Burlon D. Boone, chief engineer for the D.C. schools, first suspected there was a serious problem with school construction and repair in 1982 when the city had to spend $700,000 to replace a two-year-old roof on the Fort Lincoln Elementary School and then the replacement roof began to leak.

He saw further evidence the following year, when two contractors in succession went out of business in the middle of a job to repair the roof at Ballou High School, leaving an insurance company that underwrote the project to finish the work 11 months late.

By December 1984, with a newly installed gymnasium roof at McKinley High School sliding from its moorings and parents complaining that their children were getting hurt slipping on a rain-wet floor below, the D.C. Board of Education had formally protested the handling of school repair and construction to City Administrator Thomas Downs, touching off a controversy that has yet to be resolved.

The board complained in a three-page letter that the D.C. Department of Public Works, which is in charge of construction and repair contracts for the schools, repeatedly selected contractors who took too long to finish the work, performed poorly or in some cases went bankrupt without finishing the job.

School officials recently said Public Works has botched the handling of nearly 30 projects worth about $7.8 million -- about one fifth of the projects done between 1982 and 1984. Yesterday, Public Works officials acknowledged that about four contractors had failed to perform up to standards on recent school projects, but said they are satisfied with the majority of contractors hired.

"I've got signatures from the D.C. public schools on 21 of those jobs confirming that they had been completed on time," said Harold Henson, administrator of the Public Works Department's repair branch.

Andrew Weeks, the director of the school system's division of buildings and grounds, said yesterday that it's true his subordinates approved most of the work, but that was before the problems with the workmanship became evident.

School officials said they are particularly angry about roofing projects at Fort Lincoln and McKinley High in Northeast and Ballou High School in Southeast, which were awarded to three related contractors.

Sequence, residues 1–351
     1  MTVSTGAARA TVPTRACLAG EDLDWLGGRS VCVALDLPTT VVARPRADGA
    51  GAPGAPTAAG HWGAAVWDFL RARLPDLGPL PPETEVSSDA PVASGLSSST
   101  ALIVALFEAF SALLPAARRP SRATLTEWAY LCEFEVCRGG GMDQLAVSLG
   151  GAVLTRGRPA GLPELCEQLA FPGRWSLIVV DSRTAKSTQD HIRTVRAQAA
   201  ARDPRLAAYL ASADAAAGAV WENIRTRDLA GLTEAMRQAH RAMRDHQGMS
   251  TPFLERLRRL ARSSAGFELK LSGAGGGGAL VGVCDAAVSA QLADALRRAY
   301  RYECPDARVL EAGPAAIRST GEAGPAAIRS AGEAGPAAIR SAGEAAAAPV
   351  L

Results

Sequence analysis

Horace Jones, acting assistant director of public works, said the firm of Roubin and Janeiro Inc. "should not have been selected" to repair the Fort Lincoln roof, a job estimated to cost $700,000, because the firm specializes in paving roads, not roofing buildings. But Jones said his department had no choice because Roubin and Janeiro submitted the lowest bid.

Angel Roubin, president of Roubin and Janeiro, declined to comment on the job.

Willis Creasey, a former president of National Restoration Co., said Roubin turned the job over to his firm, which he described as closely tied to Roubin and Janeiro.

Boone said the firm had to redo a substantial part of the work and that the roof has continued to leak after the contractor finished the job, more than a year behind schedule. Creasey acknowledged that after National Restoration's first effort to install the roof, "It leaked worse than it did when we started working."

But he blamed the leaks on the materials that he said Public Works required the firm to use, rather than poor workmanship.

Jones said that despite the problems, he considered the contractor's overall performance satisfactory.

The Fort Lincoln roof was not yet completed when Public Works awarded another $113,000 job to National Restoration to repair the Ballou High School roof. Jones said he was unaware of the connection between Roubin and Janeiro and National Restoration and did not realize that National Restoration had done the work at Fort Lincoln.

National Restoration went out of business, Boone said, after workers had drilled holes in the roofing slab that let in enough water to "practically wash out the cafeteria." He said the school system had to pay to replace the cafeteria's floor tile.

Henson said Hartford Insurance Group, which had insured National Restoration, hired a second contractor to complete the work, but that firm also went bankrupt before the work was completed.

Public Works hired Perdomo and Associates Inc., another firm with close ties to Roubin and Janeiro, to repair the McKinley high school roof. Contract documents show that Perdomo was the only firm to respond to the city's newspaper advertisement for bidders.

Eduardo Perdomo, president of Perdomo & Associates, said he sold 49 percent of the stock in his company to Richard and Jose Roubin, sons of Angel Roubin, in 1982, but plans to buy the stock back soon.

The main problems with the job involved the roof over the gymnasium, which Boone said "folded up like an accordion," allowing water into the building.

Perdomo said in an interview last week that "the workmanship could have been better on part of the roof." But he said the workers for the firm corrected the errors at no charge to the city as soon as they received the complaints.

He also said poor specifications from the department contributed to the problem.

The McKinley roof still leaks, but it is unclear from contract records whether the roofing contractor or a separate firm hired to do remodeling work at the school may have been responsible.

Public Works records show that the agency rated the firm's overall performance on the job as satisfactory, but noted that careful consideration be given before awarding the firm another contract.

Despite that warning, public works officials awarded Perdomo another contract this year, worth about $780,000, to replace oil burners in school buildings. Perdomo said the department had complained that he did not finish the work on time but he blamed city officials for the delays